In lower vertebrates, such as frog and newts, the eye is able to repair itself after injury. Unfortunately, the human retina cannot repair itself. The mature photoreceptors and retinal pigment epithelial cells are unable to divide and produce replacement cells in the event of cell death.
Stem cell therapy for the eye involves taking either the stem cells themselves, or retinal cells which have been derived from stem cells, and transplanting them into the retina. The aim is that these cells will then replace damaged areas of the retina and start functioning as the original cells would have done to restore aspects of sight. Stem cells are currently under investigation in early phase clinical trials to determine their potential to repair areas of the retina where cells have otherwise been damaged or lost due to progressive retinal degeneration.
Types of stem cell
Different stem cells exist at various time points during an individual’s lifespan, from conception to old age.
Broadly speaking, embryonic stem cells have the capability to generate any cell type in the body, while adult stem cells are often restricted to generating a certain tissue type e.g. heart muscle cells or liver cells.
More recently, scientists have found ways to turn an adult cell (usually skin) back into an embryonic-like stem cell. These are called induced pluripotential stem (iPS) cells and are playing an increasingly important role in many areas of medical research.\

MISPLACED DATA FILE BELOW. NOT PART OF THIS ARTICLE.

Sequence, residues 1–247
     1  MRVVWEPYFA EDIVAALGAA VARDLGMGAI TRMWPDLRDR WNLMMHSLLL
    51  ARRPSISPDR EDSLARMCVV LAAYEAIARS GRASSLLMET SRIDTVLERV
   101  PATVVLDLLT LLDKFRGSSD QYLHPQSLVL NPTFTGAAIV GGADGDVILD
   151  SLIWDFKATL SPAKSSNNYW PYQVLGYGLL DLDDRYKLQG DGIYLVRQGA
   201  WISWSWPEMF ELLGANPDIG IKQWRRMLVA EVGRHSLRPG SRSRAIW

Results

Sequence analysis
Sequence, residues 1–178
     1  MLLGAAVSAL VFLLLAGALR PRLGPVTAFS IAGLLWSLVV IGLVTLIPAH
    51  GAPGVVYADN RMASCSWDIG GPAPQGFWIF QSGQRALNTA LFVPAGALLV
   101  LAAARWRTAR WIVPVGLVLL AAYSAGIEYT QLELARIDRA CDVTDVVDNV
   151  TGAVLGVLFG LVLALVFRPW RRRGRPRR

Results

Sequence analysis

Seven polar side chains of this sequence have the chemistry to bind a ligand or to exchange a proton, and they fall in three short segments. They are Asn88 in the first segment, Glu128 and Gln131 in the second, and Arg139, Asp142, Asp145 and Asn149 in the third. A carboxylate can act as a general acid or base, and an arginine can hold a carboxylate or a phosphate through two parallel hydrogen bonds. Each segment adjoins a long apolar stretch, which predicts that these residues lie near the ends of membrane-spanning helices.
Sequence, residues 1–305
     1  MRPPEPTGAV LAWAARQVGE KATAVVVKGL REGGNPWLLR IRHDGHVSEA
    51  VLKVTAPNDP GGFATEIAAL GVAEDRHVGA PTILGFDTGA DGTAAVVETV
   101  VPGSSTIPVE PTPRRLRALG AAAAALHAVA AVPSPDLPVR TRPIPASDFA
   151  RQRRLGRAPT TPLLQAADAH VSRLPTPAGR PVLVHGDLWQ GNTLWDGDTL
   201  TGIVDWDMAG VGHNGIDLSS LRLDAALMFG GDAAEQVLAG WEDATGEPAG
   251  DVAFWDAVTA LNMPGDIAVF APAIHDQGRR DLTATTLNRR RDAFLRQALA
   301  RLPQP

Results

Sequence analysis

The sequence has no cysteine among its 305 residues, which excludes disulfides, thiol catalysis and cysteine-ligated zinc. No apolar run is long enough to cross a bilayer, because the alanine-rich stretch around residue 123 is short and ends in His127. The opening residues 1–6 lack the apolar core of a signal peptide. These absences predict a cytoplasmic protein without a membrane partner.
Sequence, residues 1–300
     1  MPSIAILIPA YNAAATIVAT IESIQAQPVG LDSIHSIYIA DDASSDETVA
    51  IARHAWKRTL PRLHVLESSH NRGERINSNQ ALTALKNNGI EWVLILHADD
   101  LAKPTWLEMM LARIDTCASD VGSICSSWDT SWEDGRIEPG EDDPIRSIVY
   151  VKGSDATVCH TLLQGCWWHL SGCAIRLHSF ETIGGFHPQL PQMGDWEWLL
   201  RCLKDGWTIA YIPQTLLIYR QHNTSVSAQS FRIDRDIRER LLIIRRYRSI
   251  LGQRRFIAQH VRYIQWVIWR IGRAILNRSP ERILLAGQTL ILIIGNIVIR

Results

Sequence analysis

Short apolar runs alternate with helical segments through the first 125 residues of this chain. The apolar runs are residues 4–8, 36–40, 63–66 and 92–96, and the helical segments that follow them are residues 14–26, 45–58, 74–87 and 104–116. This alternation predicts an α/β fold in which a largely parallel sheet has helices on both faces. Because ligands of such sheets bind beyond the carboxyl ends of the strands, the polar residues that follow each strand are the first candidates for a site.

iPS cells derived from the skin of somebody with inherited sight loss will contain the mutation that caused their retinal condition. If these iPS cells are persuaded to develop into retinal cells in the lab, researchers have an ideal cellular model for studying disease processes and experimenting with new treatments.
Gene editing techniques could be used to take this into clinical use, by correcting the mutation in the iPS-derived retinal cells and then transplanting them back into the eye to restore the damaged retina. However, the effectiveness of this approach has yet to be established.
“Seeing with our skin” was created by Dr Mariya Moosajee, Consultant Ophthalmologist at Moorfields Eye Hospital and Senior Lecturer at UCL Institute of Ophthalmology, specialising in Genetic Eye Disease, and Meike Walcha-Lu, film-maker for the NIHR Moorfields BRC.